Not everyone in his community has been so impressed, however. His family is content, regarding his interest in the traditional music of another culture as “further evidence of my general eccentricity”.
However, Al-Hussaini is disliked by many Muslim conservatives, who are unhappy about his work at the Westminster Institute that challenges Islamist and other extreme interpretations of the faith.
“I have received a lot of criticism for doing music, not just for sean nós. There is a conservative reading of Islam that discourages music and in some cases explicitly bans it,” he says.
‘Theologically wrong’“Some say ‘Muhammad, this is wrong, this is wrong, theologically wrong – whatever the musical traditions’. I don’t think they make any distinctions. They don’t emphasise the Irish over anything else.”
However, some do, believing songs that speak of unrequited, or lost, love demean the status of an imam: “I have had my ears tugged on a few occasions,” he says, downplaying the difficulties.
If he has to sing, some argue, then he should sing Arabic devotional songs, known as nasheeds. Many refuse to accept even that. Muslim opinion in Britain is particularly conservative, he says.
His own spiritual guide, however, has been supportive, telling him to “be of good courage”, believing that anything that presents Muslims positively today is to be encouraged, not hindered.
Conservative Muslim opinion is one thing. Extremists are another. From them, he has received faeces-smeared letters, plus torrents of social media abuse, especially after the Charlie Hebdo massacre.
Al-Hussaini has been forthright, condemning in television and newspaper interviews those who claimed the Paris attacks were a legitimate retaliation for desecrating the image of the Prophet.
Some details about his life – the district in London where he was brought up, his family background, where he lives and, oddly, even his age – are off-limits on security grounds.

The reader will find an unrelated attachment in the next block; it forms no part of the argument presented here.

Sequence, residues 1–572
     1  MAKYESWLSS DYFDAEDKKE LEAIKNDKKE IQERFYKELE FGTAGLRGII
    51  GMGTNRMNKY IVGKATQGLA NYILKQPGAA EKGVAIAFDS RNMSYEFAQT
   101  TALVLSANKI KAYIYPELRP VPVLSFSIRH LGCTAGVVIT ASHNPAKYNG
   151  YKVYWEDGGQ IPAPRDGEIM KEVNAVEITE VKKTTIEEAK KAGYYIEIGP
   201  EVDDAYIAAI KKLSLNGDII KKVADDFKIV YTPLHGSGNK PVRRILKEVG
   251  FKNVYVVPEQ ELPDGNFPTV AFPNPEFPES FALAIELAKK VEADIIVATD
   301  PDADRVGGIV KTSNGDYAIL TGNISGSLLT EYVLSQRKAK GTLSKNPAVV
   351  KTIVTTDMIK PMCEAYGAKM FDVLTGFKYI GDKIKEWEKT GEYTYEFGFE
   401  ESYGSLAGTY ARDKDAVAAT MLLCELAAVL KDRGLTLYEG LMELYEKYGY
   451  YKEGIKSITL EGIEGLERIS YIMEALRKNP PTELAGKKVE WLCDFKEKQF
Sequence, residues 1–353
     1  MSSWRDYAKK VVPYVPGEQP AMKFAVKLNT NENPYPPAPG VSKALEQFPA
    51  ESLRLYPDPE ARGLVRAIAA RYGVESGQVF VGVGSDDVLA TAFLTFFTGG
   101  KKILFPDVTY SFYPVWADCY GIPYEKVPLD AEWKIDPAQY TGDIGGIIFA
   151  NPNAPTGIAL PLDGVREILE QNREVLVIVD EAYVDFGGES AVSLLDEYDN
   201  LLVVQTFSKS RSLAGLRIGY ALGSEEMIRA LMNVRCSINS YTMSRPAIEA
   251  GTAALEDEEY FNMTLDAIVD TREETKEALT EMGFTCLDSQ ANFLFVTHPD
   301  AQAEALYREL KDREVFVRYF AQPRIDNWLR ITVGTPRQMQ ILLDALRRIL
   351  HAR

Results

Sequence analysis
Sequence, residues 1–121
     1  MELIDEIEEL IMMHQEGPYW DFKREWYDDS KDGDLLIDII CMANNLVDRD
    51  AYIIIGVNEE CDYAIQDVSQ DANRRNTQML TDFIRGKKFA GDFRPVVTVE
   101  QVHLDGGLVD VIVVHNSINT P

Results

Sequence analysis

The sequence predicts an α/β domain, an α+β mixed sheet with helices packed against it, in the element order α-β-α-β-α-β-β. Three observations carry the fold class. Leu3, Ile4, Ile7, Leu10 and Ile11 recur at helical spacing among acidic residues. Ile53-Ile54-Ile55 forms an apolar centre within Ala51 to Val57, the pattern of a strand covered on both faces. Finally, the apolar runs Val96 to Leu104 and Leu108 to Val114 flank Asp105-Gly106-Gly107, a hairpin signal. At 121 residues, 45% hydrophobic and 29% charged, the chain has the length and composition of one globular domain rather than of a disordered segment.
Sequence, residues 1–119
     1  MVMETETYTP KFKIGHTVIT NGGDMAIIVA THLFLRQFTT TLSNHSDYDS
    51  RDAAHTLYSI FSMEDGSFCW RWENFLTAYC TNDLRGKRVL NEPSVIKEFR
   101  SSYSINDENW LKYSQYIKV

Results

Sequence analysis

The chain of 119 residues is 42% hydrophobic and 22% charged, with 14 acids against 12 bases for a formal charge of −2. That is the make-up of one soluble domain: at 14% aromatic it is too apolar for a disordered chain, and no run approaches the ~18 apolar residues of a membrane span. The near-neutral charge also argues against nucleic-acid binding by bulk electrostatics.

“Extremism seeks to abolish the arts. Isis ban coloured pencils because it is a form of ideological mind-control which the arts frees one from. Arts promote a sense of humanity and expression that is not necessarily constrained by a literalist reading of scripture,” he says.
“So it is in the interests of those who have that particular agenda to sit upon expressions of art, even if they are traditionalist expressions of culture.” In any event, song and poetry is wedded into Arabic culture, “long epic poems, our equivalent of the Odyssey and the Aeneid, that were sung around the Bedouin camp fire.
“People still have the whole of these poems in their heads. There are poetry recitation competitions all over the Gulf. You can become a millionaire from winning one of these, they are so highly valued.”
However, he prefers to talk about sean nós, not extremism: “The regional ways of singing are important to me, I am a real obsessive compulsive, I am really keen to ensure that the way that I sing honours the tradition.
“In the west of Ireland there is a strongly nasal way of singing. The voice is up there, high in the head. It is really important to me to learn that, I haven’t yet but I am still working on it.”
For him, sean nós is freer, less prescriptive than anything in the Islamic world: “When I sing sean nós I feel I am reciting sacred verses in Irish. It really feels like that. In our hearts, we are all Irish.”